UI’s rising tuition follows trend

By Andy Kwalwaser

University tuition increased last week, but the Board of Trustee’s decision to raise the cost of attendance for incoming freshmen comes in the wake of decreasing state funds.

“It is symbolic that this is the first year the University of Illinois tuition would top $20,000,” said student trustee Chime Asonye. “But it’s the same spike we had last year.”

University tuition has increased steadily in the past decade.

Public universities in Illinois are required to offer locked-in tuition rates for four years at a time. The four-year rate is equivalent to a 3.7 percent annual increase.

However, the increases were made even though the state has not confirmed its 2009 budget.

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Incoming students and their families have a right to know the cost of next semester’s tuition, said Asonye, senior in LAS.

“We want to help students with proper financial planning,” Asonye said. “We can’t wait for the state to make a decision.”

Additionally, financial aid will increase in proportion to tuition.

“Just looking at the sticker price is not as telling of price and affordability as it once was because of scholarships,” said W. Randall Kangas, assistant vice president for planning and budgeting at the University.

Not everyone believes higher tuition translates into better education.

“It’s a little excessive, but it’s what we expected,” said Abbey Berry, resident of Deerfield, Ill., whose son is considering attending the University in the fall. “It’s the cost of living going up.”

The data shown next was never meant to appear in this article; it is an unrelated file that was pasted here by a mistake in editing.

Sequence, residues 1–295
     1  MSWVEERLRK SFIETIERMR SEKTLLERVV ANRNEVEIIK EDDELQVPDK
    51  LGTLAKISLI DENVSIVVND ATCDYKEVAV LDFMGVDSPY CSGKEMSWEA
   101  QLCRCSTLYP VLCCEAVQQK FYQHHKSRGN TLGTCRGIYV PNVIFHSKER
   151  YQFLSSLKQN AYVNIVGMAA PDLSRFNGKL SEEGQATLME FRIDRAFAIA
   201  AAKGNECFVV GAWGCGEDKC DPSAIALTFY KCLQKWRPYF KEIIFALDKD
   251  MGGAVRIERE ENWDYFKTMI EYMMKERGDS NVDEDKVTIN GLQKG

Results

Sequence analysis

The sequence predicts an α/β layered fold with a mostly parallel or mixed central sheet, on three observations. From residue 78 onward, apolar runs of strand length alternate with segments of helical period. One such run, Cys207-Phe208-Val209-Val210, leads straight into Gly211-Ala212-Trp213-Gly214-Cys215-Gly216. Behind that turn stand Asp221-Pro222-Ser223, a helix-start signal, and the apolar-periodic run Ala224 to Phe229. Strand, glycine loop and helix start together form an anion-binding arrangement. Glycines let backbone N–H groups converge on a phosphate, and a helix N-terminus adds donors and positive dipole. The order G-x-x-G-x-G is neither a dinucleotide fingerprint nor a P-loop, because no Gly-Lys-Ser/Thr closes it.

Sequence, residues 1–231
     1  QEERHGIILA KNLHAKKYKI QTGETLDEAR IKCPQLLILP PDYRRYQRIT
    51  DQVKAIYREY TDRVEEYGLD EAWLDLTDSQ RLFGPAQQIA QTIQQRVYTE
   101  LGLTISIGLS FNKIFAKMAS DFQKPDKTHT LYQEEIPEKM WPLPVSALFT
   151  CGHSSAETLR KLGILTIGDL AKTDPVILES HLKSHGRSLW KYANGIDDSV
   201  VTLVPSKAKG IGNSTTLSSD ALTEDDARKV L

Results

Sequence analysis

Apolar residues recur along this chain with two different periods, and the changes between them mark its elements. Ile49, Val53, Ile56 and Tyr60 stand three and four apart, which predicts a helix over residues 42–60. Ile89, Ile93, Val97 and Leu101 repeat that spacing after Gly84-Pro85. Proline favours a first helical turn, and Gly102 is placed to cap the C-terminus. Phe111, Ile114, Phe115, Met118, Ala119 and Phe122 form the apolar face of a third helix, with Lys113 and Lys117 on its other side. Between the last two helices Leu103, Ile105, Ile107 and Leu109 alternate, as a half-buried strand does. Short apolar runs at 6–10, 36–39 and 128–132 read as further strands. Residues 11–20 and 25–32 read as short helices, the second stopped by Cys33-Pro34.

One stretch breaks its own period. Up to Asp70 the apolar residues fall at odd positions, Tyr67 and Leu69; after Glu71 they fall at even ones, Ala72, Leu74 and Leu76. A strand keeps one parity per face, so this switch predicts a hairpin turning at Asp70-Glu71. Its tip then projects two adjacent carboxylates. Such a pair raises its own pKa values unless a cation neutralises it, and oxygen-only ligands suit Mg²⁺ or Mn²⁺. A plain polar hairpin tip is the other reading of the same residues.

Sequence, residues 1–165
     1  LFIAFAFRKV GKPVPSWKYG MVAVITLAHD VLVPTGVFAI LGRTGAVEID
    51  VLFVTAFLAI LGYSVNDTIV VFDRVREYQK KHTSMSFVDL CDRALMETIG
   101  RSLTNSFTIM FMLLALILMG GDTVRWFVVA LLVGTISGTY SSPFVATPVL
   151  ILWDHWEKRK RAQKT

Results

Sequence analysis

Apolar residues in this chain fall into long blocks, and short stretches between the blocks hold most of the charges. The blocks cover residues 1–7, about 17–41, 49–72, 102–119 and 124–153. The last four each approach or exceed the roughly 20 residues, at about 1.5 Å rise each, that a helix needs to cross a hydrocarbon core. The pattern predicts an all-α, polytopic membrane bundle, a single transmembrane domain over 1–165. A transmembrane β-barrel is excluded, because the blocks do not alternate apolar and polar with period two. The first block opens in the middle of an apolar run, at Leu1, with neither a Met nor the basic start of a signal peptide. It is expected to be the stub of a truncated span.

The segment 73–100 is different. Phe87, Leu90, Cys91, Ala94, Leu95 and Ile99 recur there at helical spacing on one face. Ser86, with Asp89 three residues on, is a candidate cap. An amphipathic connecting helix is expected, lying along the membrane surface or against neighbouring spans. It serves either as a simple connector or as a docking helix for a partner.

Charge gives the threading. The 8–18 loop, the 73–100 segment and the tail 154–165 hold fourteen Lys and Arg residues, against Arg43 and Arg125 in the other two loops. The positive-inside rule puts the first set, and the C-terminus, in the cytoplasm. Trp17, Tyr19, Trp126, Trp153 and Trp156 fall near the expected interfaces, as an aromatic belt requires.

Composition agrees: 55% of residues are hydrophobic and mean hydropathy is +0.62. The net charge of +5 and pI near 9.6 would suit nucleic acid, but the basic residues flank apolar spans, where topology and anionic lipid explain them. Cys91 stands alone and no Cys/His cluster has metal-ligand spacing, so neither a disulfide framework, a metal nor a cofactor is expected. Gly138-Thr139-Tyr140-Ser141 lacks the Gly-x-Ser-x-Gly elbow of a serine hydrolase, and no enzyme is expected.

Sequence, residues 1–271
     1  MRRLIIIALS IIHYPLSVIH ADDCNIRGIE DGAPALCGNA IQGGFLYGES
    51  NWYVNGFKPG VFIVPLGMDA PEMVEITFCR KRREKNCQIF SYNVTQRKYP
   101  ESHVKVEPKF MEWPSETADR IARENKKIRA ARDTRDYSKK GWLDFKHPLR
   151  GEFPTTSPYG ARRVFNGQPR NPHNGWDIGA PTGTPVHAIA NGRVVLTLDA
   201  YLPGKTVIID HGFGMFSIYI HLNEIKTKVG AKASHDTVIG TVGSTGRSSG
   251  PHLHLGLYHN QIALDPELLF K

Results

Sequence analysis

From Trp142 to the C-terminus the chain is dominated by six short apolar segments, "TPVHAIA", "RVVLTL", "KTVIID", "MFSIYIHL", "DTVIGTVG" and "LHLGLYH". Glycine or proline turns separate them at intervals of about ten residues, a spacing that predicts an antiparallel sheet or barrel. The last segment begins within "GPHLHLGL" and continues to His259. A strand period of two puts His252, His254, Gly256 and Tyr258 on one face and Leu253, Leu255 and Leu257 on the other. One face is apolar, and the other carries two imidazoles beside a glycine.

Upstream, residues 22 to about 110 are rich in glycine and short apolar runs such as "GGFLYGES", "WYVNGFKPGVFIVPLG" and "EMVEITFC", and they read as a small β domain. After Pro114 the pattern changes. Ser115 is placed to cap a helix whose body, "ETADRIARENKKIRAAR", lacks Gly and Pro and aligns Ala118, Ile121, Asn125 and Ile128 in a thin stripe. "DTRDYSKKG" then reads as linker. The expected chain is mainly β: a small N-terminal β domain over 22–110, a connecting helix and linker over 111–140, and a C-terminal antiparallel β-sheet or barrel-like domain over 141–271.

Berry said she does not think the increased tuition will increase the quality of education at the University.

However, Asonye said the increase is necessary to maintain the current level of academic quality available to students.

“Whenever we raise the price, we have to be conscious of access,” Asonye said. “There’s no point in having academic access unless it is to a quality education.”

Last year, tuition at Illinois public universities was more than $2,000 above the national average, according to a report by the University’s Institute of Government and Public Affairs.

Illinois is not the only state with rising tuition. Several public universities in the Midwest, including Indiana University and the University of Michigan, have increased tuition rates in the past year.

“Public education across the nation is suffering from a lack of state funds,” Asonye said. “Our situation is parallel to a lot of other situations nationally.”

Illinois funding for higher education has dropped by 17.9 percent in recent years, according to the institute report. “The state has more real priorities than it has real funding,” Kangas said. “It’s a very competitive environment out there.”

Kangas said the University does not expect an increase in state funds over the next fiscal year, with more and more state resources being allocated to elementary education and health care.

But the state does cover retirement and other benefits for University employees, which are independent of additional funds for the University’s operating budget.

“State direct support has been lagging, but we are grateful for the indirect support,” Kangas said.